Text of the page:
India, China hold crucial talks on border dispute
Grappling with the long-festering boundary dispute issue for the first time since a military face-off at a Himalayan plateau near Bhutan, India and China agreed yesterday that an “early settlement of the border question serves the fundamental interests of both.”
India’s National Security Adviser Ajit Doval and China’s State Councillor Yang Jiechi wrapped their 20th round of talks on the boundary issue here, said a statement issued by India’s External Affairs Ministry on Friday evening.
The statement underlined the significance of maintaining peace and tranquility along the border pending a final resolution of the boundary question, reports our New Delhi correspondent.
“The talks were positive and focused on bringing out the full potential of the closer developmental partnership between the two countries,” the statement said.
Doval and Yang, the Special Representatives on the boundary issue, held the 20th round of their talks and the first since the 73-day standoff at Doklam in Bhutanese territory in June-August this year.
The latest confrontation took had started in June when India rushed its troops to stop China’s People’s Liberation Army from constructing a strategic road in the Doklam. However, both the countries agreed to pull back their troops on August 28 after negotiations through diplomatic channels.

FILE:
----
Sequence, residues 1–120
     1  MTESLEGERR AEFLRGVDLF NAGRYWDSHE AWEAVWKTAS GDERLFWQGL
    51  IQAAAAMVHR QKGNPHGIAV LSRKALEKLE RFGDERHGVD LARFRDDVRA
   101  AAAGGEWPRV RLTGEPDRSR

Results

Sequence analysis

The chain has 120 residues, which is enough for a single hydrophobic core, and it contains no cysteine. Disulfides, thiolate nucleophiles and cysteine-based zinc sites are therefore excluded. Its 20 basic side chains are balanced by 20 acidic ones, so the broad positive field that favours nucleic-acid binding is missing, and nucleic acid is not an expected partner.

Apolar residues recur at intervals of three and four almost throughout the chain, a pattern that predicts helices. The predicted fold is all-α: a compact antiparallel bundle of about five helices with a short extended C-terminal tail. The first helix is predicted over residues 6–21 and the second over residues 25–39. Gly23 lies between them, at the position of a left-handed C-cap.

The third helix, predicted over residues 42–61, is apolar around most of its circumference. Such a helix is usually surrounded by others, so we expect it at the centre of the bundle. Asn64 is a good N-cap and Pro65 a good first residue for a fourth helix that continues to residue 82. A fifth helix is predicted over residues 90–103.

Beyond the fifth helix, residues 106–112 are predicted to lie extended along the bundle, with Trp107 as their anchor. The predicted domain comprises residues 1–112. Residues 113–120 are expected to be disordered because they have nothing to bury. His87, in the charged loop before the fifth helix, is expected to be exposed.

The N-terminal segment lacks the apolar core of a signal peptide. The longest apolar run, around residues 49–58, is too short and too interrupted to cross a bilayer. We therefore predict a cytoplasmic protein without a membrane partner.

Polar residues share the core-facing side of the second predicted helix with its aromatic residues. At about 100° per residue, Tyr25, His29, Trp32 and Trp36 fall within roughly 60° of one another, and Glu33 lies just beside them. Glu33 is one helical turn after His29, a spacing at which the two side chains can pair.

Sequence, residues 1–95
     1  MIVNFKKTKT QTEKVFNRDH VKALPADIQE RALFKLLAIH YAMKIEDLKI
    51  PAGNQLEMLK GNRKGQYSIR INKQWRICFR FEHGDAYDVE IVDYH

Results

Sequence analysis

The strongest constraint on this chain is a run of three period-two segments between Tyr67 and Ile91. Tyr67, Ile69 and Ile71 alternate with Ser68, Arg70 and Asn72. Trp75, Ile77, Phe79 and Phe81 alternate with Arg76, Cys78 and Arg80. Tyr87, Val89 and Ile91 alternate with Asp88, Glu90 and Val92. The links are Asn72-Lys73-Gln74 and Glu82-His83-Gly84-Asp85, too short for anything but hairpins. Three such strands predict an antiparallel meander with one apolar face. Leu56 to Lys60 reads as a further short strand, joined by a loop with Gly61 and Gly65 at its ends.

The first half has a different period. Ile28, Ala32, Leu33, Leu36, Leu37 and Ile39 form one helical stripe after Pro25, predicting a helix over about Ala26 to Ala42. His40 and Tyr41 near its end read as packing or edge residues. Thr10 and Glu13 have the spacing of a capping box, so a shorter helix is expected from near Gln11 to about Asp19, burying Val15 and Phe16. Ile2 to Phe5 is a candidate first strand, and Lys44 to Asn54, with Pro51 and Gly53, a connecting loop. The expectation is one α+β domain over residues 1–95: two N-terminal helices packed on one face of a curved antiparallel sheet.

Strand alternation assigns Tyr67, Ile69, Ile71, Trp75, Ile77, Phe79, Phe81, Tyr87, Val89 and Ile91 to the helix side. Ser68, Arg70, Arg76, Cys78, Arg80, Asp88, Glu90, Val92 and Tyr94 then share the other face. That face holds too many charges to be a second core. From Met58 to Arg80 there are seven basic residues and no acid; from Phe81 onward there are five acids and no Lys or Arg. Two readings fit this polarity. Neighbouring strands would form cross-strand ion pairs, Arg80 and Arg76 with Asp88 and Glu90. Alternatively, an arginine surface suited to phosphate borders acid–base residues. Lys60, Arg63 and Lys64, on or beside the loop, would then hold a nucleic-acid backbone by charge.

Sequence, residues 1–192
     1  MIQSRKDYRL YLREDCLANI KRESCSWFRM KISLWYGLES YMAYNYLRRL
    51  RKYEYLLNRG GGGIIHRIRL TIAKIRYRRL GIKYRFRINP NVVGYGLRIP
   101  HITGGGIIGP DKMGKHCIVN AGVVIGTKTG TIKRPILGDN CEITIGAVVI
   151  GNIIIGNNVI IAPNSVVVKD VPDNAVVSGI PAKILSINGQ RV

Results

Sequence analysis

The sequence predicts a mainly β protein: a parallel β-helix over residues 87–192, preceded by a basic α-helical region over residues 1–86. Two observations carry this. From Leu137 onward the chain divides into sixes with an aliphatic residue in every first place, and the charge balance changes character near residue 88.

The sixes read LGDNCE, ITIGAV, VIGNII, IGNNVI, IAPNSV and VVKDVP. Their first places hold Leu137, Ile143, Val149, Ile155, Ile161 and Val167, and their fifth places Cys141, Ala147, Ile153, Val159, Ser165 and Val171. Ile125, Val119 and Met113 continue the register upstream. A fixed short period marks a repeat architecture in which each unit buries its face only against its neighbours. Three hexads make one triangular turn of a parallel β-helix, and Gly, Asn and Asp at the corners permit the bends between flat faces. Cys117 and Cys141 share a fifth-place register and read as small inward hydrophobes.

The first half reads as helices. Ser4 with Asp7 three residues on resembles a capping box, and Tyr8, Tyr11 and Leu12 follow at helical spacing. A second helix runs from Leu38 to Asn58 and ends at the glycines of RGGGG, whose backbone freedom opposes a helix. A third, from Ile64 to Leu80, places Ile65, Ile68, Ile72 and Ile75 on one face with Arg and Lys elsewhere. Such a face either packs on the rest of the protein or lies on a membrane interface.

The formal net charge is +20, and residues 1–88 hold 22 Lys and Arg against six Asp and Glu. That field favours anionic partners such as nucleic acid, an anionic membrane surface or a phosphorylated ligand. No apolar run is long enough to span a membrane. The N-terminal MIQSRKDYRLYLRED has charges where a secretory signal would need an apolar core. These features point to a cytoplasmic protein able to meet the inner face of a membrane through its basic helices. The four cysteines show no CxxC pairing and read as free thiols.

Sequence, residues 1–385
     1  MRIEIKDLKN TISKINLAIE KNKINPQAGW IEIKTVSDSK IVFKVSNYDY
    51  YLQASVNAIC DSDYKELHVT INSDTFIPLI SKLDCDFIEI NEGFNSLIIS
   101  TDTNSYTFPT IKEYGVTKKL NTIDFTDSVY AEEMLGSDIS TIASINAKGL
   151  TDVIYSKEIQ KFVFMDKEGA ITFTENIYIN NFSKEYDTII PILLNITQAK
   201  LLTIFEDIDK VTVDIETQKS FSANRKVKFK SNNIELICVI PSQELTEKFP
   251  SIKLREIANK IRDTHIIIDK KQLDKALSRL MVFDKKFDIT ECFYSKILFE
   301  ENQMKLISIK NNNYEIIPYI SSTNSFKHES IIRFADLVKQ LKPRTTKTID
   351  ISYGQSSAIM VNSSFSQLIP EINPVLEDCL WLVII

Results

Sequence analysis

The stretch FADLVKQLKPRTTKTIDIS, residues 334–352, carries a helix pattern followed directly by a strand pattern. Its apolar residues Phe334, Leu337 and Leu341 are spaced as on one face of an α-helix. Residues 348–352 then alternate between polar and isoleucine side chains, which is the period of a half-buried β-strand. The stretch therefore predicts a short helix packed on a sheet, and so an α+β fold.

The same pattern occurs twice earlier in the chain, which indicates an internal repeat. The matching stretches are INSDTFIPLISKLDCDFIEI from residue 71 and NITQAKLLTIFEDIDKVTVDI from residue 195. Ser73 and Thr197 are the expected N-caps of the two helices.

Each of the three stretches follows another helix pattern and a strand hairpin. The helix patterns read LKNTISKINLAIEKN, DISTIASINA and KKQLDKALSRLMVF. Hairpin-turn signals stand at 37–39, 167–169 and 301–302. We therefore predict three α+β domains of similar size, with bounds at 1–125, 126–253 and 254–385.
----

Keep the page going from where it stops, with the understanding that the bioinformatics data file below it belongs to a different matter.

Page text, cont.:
“The Special Representatives undertook a comprehensive review of earlier rounds of the talks and agreed that an early settlement of the boundary question serves the fundamental interests of both countries. They re-emphasized their commitment to achieve a fair, reasonable and mutually acceptable solution to the India-China boundary question at an early date,” said the statement.
It said “the two sides agreed that pending the final resolution of the boundary question, it is necessary to maintain peace and tranquility in the border areas,”
“They acknowledged that as two large developing countries engaged in their national modernization, relations between India and China transcend their bilateral dimensions and have significance for peace, stability and development of Asia and the world. Both sides also exchanged views on regional and global issues of mutual interest,” according to the statement.
In this regard, the Special Representatives exchanged ideas on various confidence building measures, added the statement.
Doval and Yang “also reviewed the development of India-China bilateral relations and agreed to maintain regular contact and to advance the development of bilateral relations in all areas. They underlined the need for the two countries to build on their convergences, while seeking mutually acceptable resolutions of their differences with due respect for each other’s sensitivities, concerns and aspirations”.
After the talks, Yang called on Indian Prime Minister Narendra Modi who said a strong India-China relationship is important not only for the mutual benefit of the people of India and China but also for the region and the world.”
Sino-Indian relations have often strained partly due to an unresolved border and the two countries had fought a month-long war in 1962 and have been trying to settle the boundary since 1980s. The border dispute continues to bedevil relations between the two Asian nuclear-armed neighbours despite a recent warming of economic relations.